Thursday, August 30, 2001 - Sick uranium workers who already have been approved for government compensation will get their money.
The Bush administration said this week it will ask Congress if more study is needed to determine whether some workers who contracted illnesses after working in Cold War-era nuclear weapons programs qualify for compensation.
But a spokesman for U.S. Rep. Scott McInnis, R-Grand Junction, who has been active on the compensation issue, said any changes would have to be approved by Congress. Blain Rethmeier said the administration will not be able to stop any benefit payments that have already been approved.
"Anyone who's filed a claim and been accepted will get their money," Rethmeier said. "Any sort of postponement of payment is not going to happen."
The studies will look at whether exposure to uranium and silica dust in the mines caused the illnesses. It could be six months to a year before the research is finished. The results could affect future claims.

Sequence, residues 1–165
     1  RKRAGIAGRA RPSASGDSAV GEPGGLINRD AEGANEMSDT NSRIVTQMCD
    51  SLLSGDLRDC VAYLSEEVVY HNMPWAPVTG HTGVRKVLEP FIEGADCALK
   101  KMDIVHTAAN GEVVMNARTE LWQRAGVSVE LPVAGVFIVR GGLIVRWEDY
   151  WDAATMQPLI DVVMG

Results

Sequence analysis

The victims are concentrated in the Rocky Mountain West. In July, there were 71 Colorado claimants - miners, "down-winders" or their survivors - with IOUs worth $6.5 million.
There are also claimants in Utah (191), Nevada (68), Arizona (47) and New Mexico (42).
Critics say any delay means more eligible workers will die before payments arrive.
"They've been stonewalling, and it's a crying shame," said Ed Brickey, president of the Colorado Uranium Workers Council. "We have people who are dying because of where they worked."